• Scenario 8: A health system’s doctor shares a patient’s data with the health system’s app. The app’s developer uses the data to push ads about itself to the patient’s friends and family through their social media accounts (which are not regulated by HIPAA). In analyzing liability, even assuming that the app developer was prohibited from this activity, the covered entity might be liable if it knew or should have known that the app developer was using the health information for advertising, as we’ve already discussed.
  • Scenario 9: A health system’s doctor shares a patient’s data with the health system’s EHR, and the EHR vendor uses the data to create a research database [30]. Similarly, whether the sending health system is liable depends on whether the EHR’s or EHR vendor’s creation of the research database fell within the scope of the EHR developer’s authority and responsibilities under the BAA. Does the BAA allow or prohibit such a secondary use by the EHR vendor?

Sharing Patients’ Data With Patients’ Third-Party Apps

The final 3 scenarios concern an app that the patient chooses and the doctor did not sponsor or pay to make available to the patient. The scenarios illustrate, for example, whether the doctor or patient chose the app for treatment. If the patient selected the app, does the analysis change because the doctor subsequently looked at data from the app or even asked the patient to keep sharing the app’s data with the doctor? If the doctor selected the app, but the patient directed the doctor to send the particular data to the app, does the analysis change? We explain why such factors do not change the basic principles and results under HIPAA, as already discussed. If the doctor securely sends the data to the patient’s app as directed, the physician is not liable under HIPAA for the app’s conduct after it receives the patient’s data.

Scenarios in which the doctors share their patients’ data with patients’ third-party apps:

  • Scenario 10: A patient selects and uses an unaffiliated third-party app such as a fitness tracker, then visits the doctor. The doctor recommends that the patient keep using the app and send the data to the doctor; the patient uploads the data from the fitness tracker to the doctor’s health system through the system’s patient portal. The app subsequently has a breach or improper disclosure of the data. The sending doctor’s health system is not liable for the patient’s app’s breach. The patient’s third-party app developer is not a business associate of the sending covered entity. The doctor’s recommendation and request that the patient show the results to the doctor do not create a business associate relationship between the covered entity and the patient’s third-party app.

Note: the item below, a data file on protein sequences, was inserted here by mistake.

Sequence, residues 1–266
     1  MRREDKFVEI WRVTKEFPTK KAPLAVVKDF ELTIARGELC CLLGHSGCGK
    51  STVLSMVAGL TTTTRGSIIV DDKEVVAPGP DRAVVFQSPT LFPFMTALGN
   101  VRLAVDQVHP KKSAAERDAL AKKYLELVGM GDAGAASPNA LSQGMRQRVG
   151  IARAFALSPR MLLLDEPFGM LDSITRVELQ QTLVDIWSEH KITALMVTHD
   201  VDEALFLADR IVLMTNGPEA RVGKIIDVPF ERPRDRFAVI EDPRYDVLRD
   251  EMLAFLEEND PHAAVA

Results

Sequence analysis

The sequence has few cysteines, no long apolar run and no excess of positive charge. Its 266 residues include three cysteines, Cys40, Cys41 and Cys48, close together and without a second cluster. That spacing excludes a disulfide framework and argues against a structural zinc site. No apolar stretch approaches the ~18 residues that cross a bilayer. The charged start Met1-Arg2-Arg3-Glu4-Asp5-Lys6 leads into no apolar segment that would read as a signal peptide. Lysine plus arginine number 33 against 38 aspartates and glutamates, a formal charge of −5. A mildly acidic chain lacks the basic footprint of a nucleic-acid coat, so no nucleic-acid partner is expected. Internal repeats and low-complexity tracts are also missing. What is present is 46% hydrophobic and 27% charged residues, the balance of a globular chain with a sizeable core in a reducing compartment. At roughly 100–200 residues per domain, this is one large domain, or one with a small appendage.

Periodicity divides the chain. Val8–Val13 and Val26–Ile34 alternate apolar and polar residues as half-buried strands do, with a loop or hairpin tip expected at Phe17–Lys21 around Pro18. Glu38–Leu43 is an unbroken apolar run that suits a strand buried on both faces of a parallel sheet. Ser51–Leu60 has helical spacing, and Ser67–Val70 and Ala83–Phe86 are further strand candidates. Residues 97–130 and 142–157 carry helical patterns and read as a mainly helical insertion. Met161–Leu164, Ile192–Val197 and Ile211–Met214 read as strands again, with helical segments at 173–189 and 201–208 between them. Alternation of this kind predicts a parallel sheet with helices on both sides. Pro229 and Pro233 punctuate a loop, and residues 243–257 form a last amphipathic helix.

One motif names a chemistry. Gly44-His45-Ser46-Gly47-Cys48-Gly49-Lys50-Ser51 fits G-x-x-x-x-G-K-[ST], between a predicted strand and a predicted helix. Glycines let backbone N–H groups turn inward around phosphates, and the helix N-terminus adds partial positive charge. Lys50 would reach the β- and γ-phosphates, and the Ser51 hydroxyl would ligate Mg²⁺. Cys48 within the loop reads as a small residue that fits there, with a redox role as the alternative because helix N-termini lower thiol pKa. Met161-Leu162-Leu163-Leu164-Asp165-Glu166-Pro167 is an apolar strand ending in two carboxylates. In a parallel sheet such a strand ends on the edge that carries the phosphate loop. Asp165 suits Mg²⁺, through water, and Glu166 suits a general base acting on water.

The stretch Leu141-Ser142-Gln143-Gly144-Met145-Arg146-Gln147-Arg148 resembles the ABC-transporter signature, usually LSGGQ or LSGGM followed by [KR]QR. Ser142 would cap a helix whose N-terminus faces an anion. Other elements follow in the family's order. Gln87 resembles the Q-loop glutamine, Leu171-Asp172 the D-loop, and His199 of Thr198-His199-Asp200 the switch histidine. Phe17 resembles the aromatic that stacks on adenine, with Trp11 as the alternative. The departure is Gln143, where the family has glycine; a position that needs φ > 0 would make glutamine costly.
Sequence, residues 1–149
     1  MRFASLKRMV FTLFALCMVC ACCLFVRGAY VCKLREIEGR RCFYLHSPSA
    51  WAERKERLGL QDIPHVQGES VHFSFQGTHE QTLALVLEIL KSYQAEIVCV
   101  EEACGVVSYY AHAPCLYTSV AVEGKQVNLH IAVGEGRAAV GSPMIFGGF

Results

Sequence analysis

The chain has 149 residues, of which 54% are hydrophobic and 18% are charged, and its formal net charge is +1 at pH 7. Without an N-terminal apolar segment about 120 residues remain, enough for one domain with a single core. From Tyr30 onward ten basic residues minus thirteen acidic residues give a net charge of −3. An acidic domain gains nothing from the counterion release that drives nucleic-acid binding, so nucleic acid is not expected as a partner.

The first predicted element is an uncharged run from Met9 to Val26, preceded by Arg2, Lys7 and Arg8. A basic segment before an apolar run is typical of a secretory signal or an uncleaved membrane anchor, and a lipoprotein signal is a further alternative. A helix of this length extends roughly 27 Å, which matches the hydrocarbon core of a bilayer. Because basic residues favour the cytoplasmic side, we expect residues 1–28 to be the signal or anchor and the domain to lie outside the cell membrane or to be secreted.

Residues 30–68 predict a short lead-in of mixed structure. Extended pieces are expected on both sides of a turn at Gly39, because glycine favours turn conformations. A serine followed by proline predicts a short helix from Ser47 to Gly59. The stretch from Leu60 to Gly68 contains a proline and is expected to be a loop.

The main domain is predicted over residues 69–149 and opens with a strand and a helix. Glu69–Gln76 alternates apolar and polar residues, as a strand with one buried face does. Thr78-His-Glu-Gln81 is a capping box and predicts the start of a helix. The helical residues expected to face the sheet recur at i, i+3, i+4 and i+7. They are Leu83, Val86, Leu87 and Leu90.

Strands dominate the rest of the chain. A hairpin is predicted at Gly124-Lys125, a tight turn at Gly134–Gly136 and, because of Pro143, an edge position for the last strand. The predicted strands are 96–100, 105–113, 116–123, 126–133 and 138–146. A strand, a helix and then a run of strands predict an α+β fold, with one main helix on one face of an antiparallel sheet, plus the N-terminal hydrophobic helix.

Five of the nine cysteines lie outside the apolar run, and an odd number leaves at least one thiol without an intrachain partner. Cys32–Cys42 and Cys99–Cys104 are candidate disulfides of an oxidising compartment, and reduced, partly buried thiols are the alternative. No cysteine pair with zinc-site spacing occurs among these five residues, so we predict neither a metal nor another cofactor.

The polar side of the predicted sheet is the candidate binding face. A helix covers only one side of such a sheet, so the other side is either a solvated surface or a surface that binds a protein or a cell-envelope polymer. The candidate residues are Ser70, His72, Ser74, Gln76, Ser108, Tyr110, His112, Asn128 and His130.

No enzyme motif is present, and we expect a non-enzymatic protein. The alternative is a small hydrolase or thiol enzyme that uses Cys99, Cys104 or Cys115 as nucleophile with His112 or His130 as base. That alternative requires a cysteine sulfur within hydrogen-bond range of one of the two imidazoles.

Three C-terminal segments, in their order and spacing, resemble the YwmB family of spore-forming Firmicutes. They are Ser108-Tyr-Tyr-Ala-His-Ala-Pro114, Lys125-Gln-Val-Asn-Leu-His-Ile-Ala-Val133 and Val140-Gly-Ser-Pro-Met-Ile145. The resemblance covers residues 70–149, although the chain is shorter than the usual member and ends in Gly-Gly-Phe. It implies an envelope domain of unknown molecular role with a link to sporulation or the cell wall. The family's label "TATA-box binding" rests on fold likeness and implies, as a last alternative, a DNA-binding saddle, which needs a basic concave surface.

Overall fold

• Scenario 11: A patient independently purchases and uses a third-party app such as a diabetes tracker and then visits the doctor (unbeknownst to the patient, the doctor’s health system also uses that app and has a business associate relationship with the app’s developer). After the patient shares the app’s data with the doctor, the doctor recommends that the patient keep using the app and send the data to the doctor. The app subsequently has a breach or improper disclosure of the data. The sending health system is still not liable for the third-party app’s breach or improper disclosure. The patient selected the app, and the app was acting on behalf of and providing services for the patient, not the health system nor its doctor. The fact that a business associate relationship independently exists between the health system and the app’s developer when the doctor prescribes the app for treatment does not create a business associate relationship here, where the patient purchased the app and the app was acting on behalf of the patient.